Life was a bit too short for the BBC2 comedy starring Warwick Davis as a version of himself.
Series one of Ricky Gervais and Stephen Merchant’s sitcom about the ups and downs in “the life of a showbiz dwarf” ended in 2011 to mixed reviews, and was followed last year by a concluding special featuring Val Kilmer.
But Davis says it could return, possibly with another one-off.
“I asked Ricky when we did the last one if we’d do anything again and he said, ‘Well now it’s open-ended, we could do another one’,” said Davis. “For Ricky, an hour special is a lot less of a time commitment for them than writing a whole other series.
“So they certainly don’t rule it out. And we still keep in touch and… yeah I think it’d be great to do something. Because the thing is, you do remember the time that you had doing it and it was fun, it was a fun experience. I learnt a lot on it as well. And Ricky and I, you know, we’ve not closed the door fully on it. So who knows, never say never. I’d like to go back.”
Davis said that any revival could revisit his character “in some years and see if his career’s gone anywhere, what he’s up to”.
He added that some of the critical responses to the show surprised him, especially from those he said were “offended on my behalf”.
“I was one of the creators of the show. I understand. You don’t need to get offended for me. As time has gone on and the show has been repeated a number of times, and is on in many countries in the world, people have started to understand it. And it’s true with a lot of Ricky and Stephen’s stuff, it’s often ahead of its time and people react to it, but then they digest it and start to get it. And then it becomes embraced, and then it becomes loved. And that’s sort of what Life’s Too Short has gone through in the past few years, that whole kind of evolution to where it is now. People absolutely love it, and they get it.”
Davis takes the mantle from the late Bob Monkhouse who last hosted the UK version of the show, based on the legendary comedy game show Hollywood Squares, in 1997.
It features a grid of nine boxes containing celebrities who answer questions, with the contestants having to say whether they ‘agree’ or ‘disagree’ with the celebrity’s answer. If they are correct they win that square and if they get three boxes in a line – vertically, horizontally or diagonally – they take the round and the money, before the overall winner goes on to play the end game for the star prize.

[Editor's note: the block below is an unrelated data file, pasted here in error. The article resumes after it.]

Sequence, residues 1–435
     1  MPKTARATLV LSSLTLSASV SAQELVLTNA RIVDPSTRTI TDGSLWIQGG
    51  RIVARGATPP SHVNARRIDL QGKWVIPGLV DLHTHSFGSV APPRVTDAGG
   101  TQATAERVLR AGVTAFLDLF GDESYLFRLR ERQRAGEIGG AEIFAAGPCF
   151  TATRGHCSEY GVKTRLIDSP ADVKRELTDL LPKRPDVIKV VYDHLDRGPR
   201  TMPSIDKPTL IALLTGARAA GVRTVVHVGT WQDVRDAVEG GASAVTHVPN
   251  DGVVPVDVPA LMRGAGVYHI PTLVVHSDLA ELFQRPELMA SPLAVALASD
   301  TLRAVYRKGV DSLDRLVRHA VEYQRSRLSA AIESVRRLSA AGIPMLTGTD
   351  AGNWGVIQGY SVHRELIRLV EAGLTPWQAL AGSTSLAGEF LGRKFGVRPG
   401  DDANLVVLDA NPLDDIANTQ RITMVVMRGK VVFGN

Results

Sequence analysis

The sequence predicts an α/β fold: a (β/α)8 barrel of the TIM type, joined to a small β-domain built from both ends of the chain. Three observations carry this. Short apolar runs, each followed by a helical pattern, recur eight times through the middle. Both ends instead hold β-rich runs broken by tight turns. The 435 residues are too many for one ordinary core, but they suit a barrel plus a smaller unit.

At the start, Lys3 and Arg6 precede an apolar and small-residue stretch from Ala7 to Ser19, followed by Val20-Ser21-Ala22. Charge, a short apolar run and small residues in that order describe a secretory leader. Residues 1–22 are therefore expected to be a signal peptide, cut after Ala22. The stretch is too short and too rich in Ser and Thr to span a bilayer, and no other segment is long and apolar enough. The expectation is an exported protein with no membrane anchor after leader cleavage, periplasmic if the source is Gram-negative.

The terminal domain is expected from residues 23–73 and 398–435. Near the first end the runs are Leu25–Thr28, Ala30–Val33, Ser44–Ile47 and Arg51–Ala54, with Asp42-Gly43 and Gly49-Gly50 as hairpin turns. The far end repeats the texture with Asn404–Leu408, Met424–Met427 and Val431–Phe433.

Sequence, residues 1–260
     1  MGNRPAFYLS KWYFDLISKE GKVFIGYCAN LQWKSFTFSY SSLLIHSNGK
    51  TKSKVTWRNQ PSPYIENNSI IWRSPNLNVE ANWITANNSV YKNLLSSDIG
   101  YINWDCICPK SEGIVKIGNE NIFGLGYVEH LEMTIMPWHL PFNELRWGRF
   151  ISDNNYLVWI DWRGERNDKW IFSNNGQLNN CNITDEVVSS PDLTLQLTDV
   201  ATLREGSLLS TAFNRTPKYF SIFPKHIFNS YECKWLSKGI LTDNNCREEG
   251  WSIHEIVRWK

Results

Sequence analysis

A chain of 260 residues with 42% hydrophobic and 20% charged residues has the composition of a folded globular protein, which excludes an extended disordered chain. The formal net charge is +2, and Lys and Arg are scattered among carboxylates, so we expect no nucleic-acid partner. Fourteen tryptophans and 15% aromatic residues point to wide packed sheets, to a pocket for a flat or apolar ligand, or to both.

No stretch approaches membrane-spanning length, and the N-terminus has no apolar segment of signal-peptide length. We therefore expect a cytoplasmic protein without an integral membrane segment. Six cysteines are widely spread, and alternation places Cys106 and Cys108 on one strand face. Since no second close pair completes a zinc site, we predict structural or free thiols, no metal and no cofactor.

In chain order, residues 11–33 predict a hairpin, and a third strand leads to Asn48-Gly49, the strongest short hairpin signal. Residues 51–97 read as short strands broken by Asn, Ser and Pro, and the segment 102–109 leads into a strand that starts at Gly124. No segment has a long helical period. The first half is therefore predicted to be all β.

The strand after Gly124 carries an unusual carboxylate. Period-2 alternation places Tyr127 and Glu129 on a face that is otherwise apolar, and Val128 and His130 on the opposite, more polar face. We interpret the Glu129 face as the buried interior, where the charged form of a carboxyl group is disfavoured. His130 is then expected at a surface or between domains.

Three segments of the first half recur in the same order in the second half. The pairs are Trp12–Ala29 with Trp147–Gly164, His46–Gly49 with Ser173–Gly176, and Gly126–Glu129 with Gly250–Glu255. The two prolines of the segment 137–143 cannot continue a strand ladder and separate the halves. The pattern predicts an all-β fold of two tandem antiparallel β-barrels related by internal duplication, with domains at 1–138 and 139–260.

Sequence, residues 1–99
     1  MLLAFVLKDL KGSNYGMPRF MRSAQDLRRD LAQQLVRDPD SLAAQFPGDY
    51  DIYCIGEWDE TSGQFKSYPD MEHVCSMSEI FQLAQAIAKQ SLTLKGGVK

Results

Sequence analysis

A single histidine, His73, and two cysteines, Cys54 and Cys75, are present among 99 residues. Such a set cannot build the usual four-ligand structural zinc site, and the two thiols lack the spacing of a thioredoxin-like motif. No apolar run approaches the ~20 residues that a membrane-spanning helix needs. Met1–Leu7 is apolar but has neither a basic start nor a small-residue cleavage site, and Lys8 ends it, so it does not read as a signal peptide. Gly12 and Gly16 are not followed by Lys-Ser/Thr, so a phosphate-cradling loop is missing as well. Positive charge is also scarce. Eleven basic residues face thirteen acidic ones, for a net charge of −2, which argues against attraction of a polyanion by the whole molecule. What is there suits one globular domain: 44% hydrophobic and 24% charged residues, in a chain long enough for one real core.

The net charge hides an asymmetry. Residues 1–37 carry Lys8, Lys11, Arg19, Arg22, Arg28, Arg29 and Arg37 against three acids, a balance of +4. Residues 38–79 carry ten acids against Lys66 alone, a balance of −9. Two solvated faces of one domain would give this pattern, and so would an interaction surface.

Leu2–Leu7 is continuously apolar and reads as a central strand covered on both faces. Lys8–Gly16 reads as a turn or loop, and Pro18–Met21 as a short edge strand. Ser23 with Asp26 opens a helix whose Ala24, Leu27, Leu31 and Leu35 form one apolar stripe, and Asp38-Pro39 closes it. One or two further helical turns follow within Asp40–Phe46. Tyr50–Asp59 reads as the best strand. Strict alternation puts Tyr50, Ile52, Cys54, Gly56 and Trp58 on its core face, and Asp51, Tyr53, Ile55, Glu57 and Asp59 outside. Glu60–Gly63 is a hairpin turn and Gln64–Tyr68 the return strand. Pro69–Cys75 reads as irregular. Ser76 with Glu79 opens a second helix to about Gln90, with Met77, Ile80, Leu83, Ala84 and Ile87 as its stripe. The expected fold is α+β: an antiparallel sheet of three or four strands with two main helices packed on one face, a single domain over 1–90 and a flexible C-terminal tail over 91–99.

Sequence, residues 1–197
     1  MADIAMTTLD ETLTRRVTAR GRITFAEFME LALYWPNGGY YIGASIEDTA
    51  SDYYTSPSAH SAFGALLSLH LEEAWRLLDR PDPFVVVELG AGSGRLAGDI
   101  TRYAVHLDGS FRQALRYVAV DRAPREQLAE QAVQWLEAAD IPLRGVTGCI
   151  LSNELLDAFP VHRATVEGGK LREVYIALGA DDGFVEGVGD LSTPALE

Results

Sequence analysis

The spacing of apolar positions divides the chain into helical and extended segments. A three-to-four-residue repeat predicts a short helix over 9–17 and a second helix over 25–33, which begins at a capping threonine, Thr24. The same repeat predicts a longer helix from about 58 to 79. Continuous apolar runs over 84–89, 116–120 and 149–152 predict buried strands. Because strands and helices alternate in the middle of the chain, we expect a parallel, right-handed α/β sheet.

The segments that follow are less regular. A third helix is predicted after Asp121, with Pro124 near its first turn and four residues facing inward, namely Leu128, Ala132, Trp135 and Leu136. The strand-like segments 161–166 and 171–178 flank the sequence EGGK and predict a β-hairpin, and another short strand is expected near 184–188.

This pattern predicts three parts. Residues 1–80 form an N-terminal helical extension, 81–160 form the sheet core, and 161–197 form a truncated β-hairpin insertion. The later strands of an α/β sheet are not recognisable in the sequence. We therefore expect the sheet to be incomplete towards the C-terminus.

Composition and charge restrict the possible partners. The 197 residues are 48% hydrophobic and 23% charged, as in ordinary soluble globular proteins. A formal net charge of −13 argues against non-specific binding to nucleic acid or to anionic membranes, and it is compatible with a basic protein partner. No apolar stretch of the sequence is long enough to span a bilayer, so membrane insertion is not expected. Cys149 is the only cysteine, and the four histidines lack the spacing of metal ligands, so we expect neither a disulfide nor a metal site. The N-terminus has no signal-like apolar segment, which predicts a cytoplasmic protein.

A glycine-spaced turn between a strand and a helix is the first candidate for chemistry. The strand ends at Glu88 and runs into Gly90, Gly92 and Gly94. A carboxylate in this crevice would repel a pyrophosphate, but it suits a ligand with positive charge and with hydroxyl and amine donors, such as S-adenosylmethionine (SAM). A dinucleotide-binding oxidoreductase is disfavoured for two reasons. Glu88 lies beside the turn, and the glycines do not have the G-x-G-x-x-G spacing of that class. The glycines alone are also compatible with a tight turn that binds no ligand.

Davis said of his new gig: “It went really well. It was certainly a daunting challenge for me, coming from a background where I’d really had no experience doing game shows. And it’s not only a game show, it’s kind of a chat show, a panel show, it’s all of those things in one. But I was just so delighted that ITV sort of put their trust in me to bring this back.”
On each show, comedians Tim Vine and Joe Wilkinson will be housed in a square and will compete alongside other famous faces.
Guests set to appear include Jonathan Ross and James Corden. Davis said of them: “What’s lovely the celebs here they’re a much more laid-back version of themselves than we normally know.”
Ben has worked as a professional journalist specialising in TV and the arts for nearly twenty years. After a two year stint on local newspapers in the mid 1990s, he spent more than 5 years as the broadcast reporter at the Stage newspaper. Following that he enjoyed staff reporting positions at the Sunday Mirror and the Sunday Times breaking stories and writing features before settling as a full time freelance writing for an array of newspapers and magazines - but mainly for the Guardian, Evening Standard, Broadcast, Independent and the New Statesman where he wrote a column.